Yes, there is another season of Netflix’s House of Cards. Yes, it features many of the same things that have endeared its devoted fanbase and enraged its most critical reviewers since it became the first original streaming series ever to score significant Emmy Awards nominations in 2013. And yes, despite everything that happened as a result of the platform’s decision to fire star Kevin Spacey following numerous allegations of sexual misconduct, the Robin Wright-centric sixth and final season is quite good.
At the end of season five, Spacey’s Frank Underwood, the former congressman turned disgraced American president, has resigned. This act promotes his vice presidential wife, Wright’s Claire Underwood, to the highest executive office in the land. Despite the setback, however, the ever-scheming Frank decides that he can still control what happens in Washington thanks to the new circumstances afforded the pair.
Unfortunately for him, Claire has an agenda of her own, so she ignores his late-night calls to the White House, turns to the camera and declares, “My turn.”
Of all the shocking cliffhangers that House of Cards has ever produced, the fifth season’s finale is definitely one of its most memorable. After all, it debuted in May of 2017, right in the thick of a (surprisingly) real-world American presidency that, among other things, places almost no stock in the capabilities of women. So by promoting Claire to the Oval Office, showrunners Melissa James Gibson and Frank Pugliese were essentially giving the finger to actual American politics.
But can the new season, which debuts Friday, November 2nd on Netflix, live up to such massive expectations? Competing with the day-to-day politics of the modern United States is one thing, but considering the equally (if not more so) ridiculous world that creator Beau Willimon, Gibson and Pugliese have created over the course of five seasons, trying to one-up America’s current political zeitgeist already feels like a lost cause.
And that is the ultimate rub of House of Cards. More often than not, the heavily exaggerated drama about Washington’s penchant for sometimes literal backstabbing can be a bit much, but people just can’t stop themselves from watching it. So no matter how mad the show can make some critics, House of Cards is here to stay — albeit while taking its final bow. So aside from watching something else, there is nothing any of us can do except sit down, press play and hope against all odds that Claire spares us from her righteous wrath.
Depending on who you’re rooting for following Frank’s offscreen death between seasons five and six, you very well might make it out alive. Even so, House of Cards isn’t simply going to let Claire off easy. Like her manipulative husband before her, the new president must conspire with (and against) old friends and new enemies. This includes the wealthy and domineering Shepherd family, led by siblings Bill (Greg Kinnear) and Annette (Diane Lane), as well as the latter’s son Duncan (Cody Fern), who steps in with his technological prowess.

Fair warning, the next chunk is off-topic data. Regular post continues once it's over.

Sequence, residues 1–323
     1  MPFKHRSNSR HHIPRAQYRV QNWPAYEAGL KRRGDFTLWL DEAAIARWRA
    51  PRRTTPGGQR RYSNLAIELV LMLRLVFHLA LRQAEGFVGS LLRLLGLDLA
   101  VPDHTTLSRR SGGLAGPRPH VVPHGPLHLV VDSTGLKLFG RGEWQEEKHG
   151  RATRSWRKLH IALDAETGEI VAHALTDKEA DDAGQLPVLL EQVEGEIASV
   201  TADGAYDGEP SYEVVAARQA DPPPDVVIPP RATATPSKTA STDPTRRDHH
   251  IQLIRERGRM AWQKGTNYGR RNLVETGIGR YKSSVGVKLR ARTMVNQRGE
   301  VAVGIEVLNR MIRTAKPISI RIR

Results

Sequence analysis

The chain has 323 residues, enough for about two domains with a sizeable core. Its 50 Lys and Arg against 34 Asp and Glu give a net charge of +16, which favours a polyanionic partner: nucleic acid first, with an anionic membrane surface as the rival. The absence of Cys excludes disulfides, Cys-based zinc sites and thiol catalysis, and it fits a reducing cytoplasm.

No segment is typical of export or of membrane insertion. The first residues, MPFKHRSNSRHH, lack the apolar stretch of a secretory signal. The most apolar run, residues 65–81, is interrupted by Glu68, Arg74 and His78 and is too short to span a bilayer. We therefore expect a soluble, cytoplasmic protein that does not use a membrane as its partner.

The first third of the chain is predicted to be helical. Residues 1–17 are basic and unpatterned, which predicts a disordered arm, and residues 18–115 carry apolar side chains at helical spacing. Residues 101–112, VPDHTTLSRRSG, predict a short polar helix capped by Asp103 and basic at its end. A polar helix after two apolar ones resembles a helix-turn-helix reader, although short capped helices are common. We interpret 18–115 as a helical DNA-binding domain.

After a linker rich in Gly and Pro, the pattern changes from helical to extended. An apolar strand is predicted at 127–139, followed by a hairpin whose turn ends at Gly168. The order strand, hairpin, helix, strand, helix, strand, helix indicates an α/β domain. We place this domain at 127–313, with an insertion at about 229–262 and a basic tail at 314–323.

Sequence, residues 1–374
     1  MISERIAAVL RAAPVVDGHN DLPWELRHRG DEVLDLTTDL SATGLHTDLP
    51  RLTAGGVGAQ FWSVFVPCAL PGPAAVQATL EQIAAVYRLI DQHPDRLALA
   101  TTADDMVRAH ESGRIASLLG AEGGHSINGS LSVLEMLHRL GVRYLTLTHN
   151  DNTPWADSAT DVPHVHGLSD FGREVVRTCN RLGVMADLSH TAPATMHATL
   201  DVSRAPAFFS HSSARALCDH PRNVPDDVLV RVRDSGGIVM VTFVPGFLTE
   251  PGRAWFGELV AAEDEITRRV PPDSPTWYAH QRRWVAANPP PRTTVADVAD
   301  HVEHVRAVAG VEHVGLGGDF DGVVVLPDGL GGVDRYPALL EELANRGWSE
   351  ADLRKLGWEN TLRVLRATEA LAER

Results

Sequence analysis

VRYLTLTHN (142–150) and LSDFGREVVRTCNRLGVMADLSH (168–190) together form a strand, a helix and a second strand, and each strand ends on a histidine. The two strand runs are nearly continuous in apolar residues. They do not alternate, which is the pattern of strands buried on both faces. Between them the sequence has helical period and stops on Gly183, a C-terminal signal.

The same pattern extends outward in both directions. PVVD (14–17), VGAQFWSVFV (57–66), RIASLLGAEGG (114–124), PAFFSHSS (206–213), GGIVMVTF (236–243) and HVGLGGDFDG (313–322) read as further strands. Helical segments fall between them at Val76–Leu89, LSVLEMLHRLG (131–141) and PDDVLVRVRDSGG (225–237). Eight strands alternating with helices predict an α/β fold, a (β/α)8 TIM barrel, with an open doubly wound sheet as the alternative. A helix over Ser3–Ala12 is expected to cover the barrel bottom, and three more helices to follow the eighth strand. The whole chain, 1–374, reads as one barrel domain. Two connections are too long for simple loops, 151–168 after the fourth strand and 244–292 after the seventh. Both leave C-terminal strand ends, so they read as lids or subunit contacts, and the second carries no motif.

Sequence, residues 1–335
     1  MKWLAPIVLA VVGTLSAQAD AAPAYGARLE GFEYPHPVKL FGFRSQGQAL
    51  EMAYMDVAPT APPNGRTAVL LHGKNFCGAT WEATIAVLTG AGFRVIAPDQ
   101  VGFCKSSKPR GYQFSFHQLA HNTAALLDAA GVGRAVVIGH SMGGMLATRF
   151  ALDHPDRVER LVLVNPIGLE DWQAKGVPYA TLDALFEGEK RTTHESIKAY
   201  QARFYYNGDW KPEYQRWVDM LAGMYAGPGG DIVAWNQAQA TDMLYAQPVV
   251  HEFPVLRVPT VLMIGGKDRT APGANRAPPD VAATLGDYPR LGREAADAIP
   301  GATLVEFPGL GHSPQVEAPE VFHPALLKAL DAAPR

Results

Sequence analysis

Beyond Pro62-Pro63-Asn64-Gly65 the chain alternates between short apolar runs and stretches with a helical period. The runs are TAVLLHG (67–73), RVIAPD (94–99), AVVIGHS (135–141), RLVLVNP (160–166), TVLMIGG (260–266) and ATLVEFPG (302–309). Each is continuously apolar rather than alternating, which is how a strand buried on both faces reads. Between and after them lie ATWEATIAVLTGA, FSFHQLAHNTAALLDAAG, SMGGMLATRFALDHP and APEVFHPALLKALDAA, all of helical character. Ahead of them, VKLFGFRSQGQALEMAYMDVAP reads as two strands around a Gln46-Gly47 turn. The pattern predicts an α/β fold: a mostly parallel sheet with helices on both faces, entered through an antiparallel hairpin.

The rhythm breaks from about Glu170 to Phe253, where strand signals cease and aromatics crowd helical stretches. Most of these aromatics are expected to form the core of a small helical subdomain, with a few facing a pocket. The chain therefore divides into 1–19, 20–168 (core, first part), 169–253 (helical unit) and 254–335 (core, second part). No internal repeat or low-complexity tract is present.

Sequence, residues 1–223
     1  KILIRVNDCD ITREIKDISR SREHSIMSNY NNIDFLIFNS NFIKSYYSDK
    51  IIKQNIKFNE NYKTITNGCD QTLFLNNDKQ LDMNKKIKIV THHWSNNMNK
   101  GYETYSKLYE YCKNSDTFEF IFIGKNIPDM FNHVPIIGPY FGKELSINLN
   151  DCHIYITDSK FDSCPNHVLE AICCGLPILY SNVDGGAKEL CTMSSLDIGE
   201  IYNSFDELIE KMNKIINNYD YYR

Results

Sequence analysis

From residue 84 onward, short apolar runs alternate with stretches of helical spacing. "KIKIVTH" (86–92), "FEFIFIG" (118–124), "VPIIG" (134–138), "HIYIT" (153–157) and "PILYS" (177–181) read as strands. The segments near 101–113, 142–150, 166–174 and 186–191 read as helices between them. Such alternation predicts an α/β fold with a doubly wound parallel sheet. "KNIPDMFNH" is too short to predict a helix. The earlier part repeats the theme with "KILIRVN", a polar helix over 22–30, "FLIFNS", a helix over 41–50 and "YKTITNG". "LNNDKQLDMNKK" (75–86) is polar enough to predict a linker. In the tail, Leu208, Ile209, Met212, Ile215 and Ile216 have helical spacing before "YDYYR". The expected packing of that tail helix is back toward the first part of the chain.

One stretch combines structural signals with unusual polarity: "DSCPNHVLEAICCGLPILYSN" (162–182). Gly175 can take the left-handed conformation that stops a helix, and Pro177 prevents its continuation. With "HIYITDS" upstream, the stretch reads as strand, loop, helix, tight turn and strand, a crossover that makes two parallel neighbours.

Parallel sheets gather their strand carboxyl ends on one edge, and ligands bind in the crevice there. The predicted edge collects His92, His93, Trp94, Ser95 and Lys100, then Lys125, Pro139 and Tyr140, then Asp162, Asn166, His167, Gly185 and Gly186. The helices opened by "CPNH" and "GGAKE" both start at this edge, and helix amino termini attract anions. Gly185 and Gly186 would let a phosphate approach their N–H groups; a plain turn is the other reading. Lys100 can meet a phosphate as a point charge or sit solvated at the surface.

While the Shepherds more often than not operate as a deeply felt presence through the first five episodes, they sometimes appear in the flesh whenever they deign it absolutely necessary. Bill is especially adept at brandishing power, both as a blunt instrument and a backhanded compliment, and almost always at Claire’s expense. Yet these occurrences are few and far between, because Vice President Mark Usher (Campbell Scott), a former adviser to the late President Underwood, is never too far away from the phone to take the Shepherds’ calls.
Others from the Underwoods’ past, like the murderous Doug Stamper (Michael Kelley) and dogged reporter Janine Skorsky (Constance Zimmer), have also reentered the picture. So in many ways, despite Frank’s death, it seems that all of the many pawns he laid out, or totally forgot about, in seasons past are back to make sure that House of Cards’ final bow is unlike anything audiences have seen before.
For the most part, it is. House of Cards season six feels like a return to form, from its increasingly complex subplots to its overarching story, and much of its success has to do with Gibson and Pugliese’s willingness to fully exploit the more nostalgic aspects of the entire run. Though most of the credit belongs to Wright, whose turn as President Claire Underwood, in many ways, trumps the character’s previous appearances. This is a woman in power who, after waiting in the wings for the men in her life to seize and lose such strength, has taken it upon herself to go in for the kill.
Kinnear and Lane’s turns as Bill and Annette Shepherd are also a welcome addition to the mix. This is especially true of Annette who, as viewers will soon find out, shares a special relationship with Claire that will come to define many important aspects of this season’s story. Unfortunately, all of the good work that the House of Cards team has put into these final eight episodes is undermined by Gibson, Pugliese and the writers’ efforts to constantly remind us that yeah, Frank is dead, but the fruits of his best and worst-laid plans are still here, waiting to be picked or smashed into oblivion.
Had House of Cards spent far less time dwelling on the mysterious, offscreen death of its former leading player, then maybe season six could have perfectly reset many of the previous seasons’ failings — not to mention the ugly, and very public, situation that developed amidst Spacey’s scandal. Instead, the show chooses to constantly remind its characters (and those of us watching at home) that Francis J. Underwood is dead but not forgotten, thereby robbing Claire of the weight her “my turn” declaration once carried.
The sixth and final season of House of Cards premieres Friday, November 2nd on Netflix.